Berlin – capital of Germany and front line during the cold war – underwent a fundamental change during the last thirty years. Being there for the first time in 1990 right after the wall had came down, I was overwhelmed by the sheer size of the city and the very different urban layouts and appearances in the Eastern and the Western part, they even smelled differently.
Today, 30 years later, I travel four to five times a year to Berlin, visiting friends or for business reasons. This is normally not the occasion to spend a lot of time with photography, although there are gazillions of opportunities to get out your phone and capture moments of street life or these very typical motifs telling stories about the “poor but sexy” city, as the former mayor Klaus Wowereit described the uniqueness of the metropolis.
One Saturday some time ago I decided to pack my gear and made a day trip to Berlin only for visiting an exhibition, letting myself drift through the city and taking pictures. The equipment was very light-weighted: my Olympus OM-2N with the Olympus Zuiko 35/2.8 lens attached, slightly upgraded with modern attachments like the Peak Design slide strap, a red shutter button and an UV lens filter. I opted for the Kodak Ektar 100 film which is not only my favourite colour film but also from my point of view the best option for this little project. For me the emergence of the colours reminds me very much of pictures taken in the 1960s or 1970s, a perfect match to image the iconic buildings representing symbols of each divided part during the cold war era.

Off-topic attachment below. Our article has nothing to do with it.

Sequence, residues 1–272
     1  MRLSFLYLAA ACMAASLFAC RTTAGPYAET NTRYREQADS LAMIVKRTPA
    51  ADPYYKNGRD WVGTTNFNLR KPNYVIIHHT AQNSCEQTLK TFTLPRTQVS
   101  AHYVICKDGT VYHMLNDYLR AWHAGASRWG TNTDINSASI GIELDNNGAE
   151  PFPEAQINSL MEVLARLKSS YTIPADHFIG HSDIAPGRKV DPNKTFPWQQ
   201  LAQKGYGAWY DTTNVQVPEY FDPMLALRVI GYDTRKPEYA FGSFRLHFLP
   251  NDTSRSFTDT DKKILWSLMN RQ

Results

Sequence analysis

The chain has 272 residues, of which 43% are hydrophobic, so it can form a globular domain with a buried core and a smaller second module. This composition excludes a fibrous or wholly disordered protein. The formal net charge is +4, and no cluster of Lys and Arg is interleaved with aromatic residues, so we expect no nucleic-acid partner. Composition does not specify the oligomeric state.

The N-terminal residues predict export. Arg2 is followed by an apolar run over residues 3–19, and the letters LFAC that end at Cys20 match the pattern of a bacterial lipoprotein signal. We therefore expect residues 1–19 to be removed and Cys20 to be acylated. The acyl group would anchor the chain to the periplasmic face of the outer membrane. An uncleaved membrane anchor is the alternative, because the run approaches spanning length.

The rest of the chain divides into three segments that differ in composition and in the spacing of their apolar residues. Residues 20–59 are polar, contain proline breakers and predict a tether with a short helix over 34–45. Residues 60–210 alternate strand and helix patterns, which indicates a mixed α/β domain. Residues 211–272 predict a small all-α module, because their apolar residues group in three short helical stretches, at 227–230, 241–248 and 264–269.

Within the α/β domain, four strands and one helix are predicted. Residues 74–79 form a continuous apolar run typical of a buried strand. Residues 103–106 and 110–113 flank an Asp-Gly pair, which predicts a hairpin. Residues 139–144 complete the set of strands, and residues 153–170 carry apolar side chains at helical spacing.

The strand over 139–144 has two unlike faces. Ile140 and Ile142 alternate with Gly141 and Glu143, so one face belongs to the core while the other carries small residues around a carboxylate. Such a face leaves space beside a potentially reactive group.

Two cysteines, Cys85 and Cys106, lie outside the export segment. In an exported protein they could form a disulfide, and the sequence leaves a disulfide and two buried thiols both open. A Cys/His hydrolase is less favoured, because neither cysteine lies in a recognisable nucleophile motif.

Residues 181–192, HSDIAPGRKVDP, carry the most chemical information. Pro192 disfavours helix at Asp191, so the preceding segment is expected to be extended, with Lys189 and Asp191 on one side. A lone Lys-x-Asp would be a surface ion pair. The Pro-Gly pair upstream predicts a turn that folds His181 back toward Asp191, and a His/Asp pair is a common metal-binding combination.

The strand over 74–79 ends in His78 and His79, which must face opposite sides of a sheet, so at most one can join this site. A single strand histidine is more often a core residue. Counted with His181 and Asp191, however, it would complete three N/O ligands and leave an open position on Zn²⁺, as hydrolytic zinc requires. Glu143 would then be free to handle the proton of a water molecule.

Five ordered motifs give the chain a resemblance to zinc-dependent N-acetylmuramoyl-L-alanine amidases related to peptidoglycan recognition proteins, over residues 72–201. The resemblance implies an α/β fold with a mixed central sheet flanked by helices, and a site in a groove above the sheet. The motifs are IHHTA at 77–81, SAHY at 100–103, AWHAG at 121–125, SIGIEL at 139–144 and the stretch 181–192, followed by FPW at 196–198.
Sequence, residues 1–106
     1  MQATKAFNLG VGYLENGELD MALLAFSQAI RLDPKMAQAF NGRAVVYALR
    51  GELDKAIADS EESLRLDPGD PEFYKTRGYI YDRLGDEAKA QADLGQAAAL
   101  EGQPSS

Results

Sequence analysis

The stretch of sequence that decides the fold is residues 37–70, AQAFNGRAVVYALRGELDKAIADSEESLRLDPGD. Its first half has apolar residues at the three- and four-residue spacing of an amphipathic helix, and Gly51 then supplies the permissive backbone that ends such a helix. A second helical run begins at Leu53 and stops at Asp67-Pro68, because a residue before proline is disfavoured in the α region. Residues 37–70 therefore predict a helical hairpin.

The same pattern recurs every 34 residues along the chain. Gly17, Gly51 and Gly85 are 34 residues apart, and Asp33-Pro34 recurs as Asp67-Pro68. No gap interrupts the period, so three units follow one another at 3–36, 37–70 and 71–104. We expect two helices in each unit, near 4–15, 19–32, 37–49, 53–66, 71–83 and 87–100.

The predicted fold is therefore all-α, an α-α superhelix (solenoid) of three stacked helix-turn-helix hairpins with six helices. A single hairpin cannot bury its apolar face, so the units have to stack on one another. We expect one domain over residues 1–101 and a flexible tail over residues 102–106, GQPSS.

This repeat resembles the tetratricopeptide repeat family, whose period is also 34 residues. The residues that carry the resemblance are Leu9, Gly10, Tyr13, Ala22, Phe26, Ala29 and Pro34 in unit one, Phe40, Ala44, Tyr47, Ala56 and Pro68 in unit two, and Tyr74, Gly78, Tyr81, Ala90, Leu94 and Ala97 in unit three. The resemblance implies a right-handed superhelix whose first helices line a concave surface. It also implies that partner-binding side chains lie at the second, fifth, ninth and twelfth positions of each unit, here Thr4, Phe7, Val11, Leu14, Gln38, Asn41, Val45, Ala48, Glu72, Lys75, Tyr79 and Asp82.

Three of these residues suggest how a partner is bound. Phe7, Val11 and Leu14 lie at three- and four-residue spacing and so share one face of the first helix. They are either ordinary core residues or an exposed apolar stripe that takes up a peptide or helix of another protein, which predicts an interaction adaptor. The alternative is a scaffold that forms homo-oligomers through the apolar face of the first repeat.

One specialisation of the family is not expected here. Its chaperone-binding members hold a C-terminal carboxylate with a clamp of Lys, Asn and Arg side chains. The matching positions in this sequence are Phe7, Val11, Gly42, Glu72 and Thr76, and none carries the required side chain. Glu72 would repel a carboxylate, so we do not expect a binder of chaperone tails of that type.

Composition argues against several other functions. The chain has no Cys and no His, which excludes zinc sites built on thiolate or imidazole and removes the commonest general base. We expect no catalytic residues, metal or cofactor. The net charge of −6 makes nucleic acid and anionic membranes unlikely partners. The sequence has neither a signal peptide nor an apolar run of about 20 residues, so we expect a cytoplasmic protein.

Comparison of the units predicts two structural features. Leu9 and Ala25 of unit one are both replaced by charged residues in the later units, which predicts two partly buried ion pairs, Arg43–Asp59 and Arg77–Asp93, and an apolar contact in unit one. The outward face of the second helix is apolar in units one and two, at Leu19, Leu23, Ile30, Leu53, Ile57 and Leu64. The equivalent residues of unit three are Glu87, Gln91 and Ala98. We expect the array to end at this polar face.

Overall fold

My trip started in the former Western part next to Berlin Zoo station at the Amerika-Haus where I visited the exhibition at C/O Berlin, a museum for photography and visual media.
A few minutes of walk away is the Gedächtniskirche at Breitscheidplatz and Kurfürstendamm, somewhat to me like the heart of the former West-Berlin, surrounded with the Zoo Palast and the Bikini mall, both re-built and build in 1956/57.
Continuing my walk for further six kilometres through the entire city along the axis of “Strasse des 17. Juni“, which is named “Unter den Linden” in the former Eastern part I made it to the Alexanderplatz, where the Fernsehturm (TV tower) is probably the most iconic monument of Eastern German architecture, along with the Urania Weltzeituhr (Urania world clock), both built in 1969.
Not far away from Alexanderplatz I finished my trip in the bustling district of Mitte, the melting pot of hip people on the streets but also home of far older buildings that overcame not only the times of communist regime but the dark ages of German fascism.
Tired but satisfied I left the time tunnel in Berlin and made my way back home.